Current work employed a computational modeling approach to gain insight in the underlying mechanisms that drive human adaptive cognitive control. For this purpose, we combined and extended previous modeling work on conflict monitoring (Botvinick et al., 2001) and neural synchrony (Verguts, 2017). Nine versions of the model were explored, which differed in the dimension (intensity or selectivity) or the time scale (slow or fast) (Braver, 2012; Scherbaum et al., 2012) for which control was adapted. Only the model that was adaptive on both the intensity and selectivity dimensions and on both time scales could account for human behavioral (Gratton et al., 1992) and neurophysiological (Pastötter et al., 2013) findings. In addition, this full adaptive model version provides predictions for empirical behavioral and neurophysiological data.
The current study relied on response level energy to evaluate the required intensity of control. By using this approach, the model ignored several features that might also play an important role in evaluating when to use control. In the current model, all information for control adaptation originates from internal (conflict) sources. However, control adaptation might also rely on other sources such as reward or contextual information in the environment. Learning from more sources of information would allow the model to better estimate the costs and benefits of control (Shenhav, Botvinick, & Cohen, 2013), allowing control adaptation to be even more efficient.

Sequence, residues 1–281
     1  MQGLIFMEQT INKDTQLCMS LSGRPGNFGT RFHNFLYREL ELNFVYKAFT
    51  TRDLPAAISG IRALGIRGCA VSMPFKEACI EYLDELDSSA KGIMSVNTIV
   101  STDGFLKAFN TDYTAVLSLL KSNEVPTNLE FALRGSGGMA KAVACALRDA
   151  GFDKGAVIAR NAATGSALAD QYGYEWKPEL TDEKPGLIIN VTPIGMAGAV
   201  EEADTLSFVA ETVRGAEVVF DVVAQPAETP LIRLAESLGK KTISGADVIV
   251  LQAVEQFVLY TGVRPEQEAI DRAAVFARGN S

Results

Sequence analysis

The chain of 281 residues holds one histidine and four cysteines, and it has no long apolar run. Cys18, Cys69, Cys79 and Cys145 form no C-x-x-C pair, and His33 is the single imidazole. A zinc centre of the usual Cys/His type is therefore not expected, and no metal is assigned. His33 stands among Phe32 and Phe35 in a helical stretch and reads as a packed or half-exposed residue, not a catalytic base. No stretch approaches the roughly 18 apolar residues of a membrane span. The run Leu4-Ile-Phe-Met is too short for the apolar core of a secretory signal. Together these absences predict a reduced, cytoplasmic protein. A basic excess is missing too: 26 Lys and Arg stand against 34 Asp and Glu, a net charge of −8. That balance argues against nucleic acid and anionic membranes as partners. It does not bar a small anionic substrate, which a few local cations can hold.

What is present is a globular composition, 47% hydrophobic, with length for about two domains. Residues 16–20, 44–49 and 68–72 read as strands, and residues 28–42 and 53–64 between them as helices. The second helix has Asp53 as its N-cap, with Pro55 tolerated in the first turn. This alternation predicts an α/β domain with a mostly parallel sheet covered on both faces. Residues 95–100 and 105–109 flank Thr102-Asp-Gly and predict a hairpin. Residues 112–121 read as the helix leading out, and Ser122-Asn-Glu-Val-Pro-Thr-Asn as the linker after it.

For the selectivity dimension, the model also relied on energy as a measure of conflict. More specifically, as in previous work (Verguts & Notebaert, 2008), we used a multiplication of bottom–up, top–down, and conflict signals to evaluate where control should be employed. In line with previous work (Melara & Algom, 2003), it was argued that when conflict is low, an agent might benefit from additionally exploiting task-irrelevant but correlated information. Thus, when conflict is low, the model will distribute its control signal over the entire network (less selective). When conflict is high, the model will only send the control signal to the task-relevant dimension (more selective). Because low-conflict trials are characterized by the fact that task-irrelevant and task-relevant information provide evidence for the same response, evidence accumulation in the integrator unit of the model will be faster, leading to faster RT (see also Figure 2). Intriguingly, whereas the control signal in Botvinick et al. (2001) did not implement selectivity, we demonstrated that, in the sync model, adaptivity in the selectivity of control is a necessary requirement for reproducing the qualitative pattern of conflict-adaptation effects in behavior (performance benefit for congruent–congruent sequences). Such a perspective shifts theoretical attention toward consideration of all trial types (congruent, incongruent, neutral) and how they can be employed for optimal performance (Compton, Huber, Levinson, & Zheutlin, 2012). Importantly, when multiple stimulus dimensions are added to the task, a selective adaptive model is required to also detect the source of conflict such that the agent can optimally select information from multiple nonconflicting dimensions. Future work should therefore also evaluate the costs and benefits of exploiting (nominally) task-irrelevant dimensions. This could be implemented by (reinforcement) learning the conflict-to-control weight matrix, the control-to-processing weight matrix (Verguts & Notebaert, 2008), or the attention directed to specific dimensions (Roelfsema & Van Ooyen, 2005; Kruschke, 1992, 2001). As demonstrated in previous work, the oscillatory model can easily be embedded in a general learning framework (Verbeke & Verguts, 2019).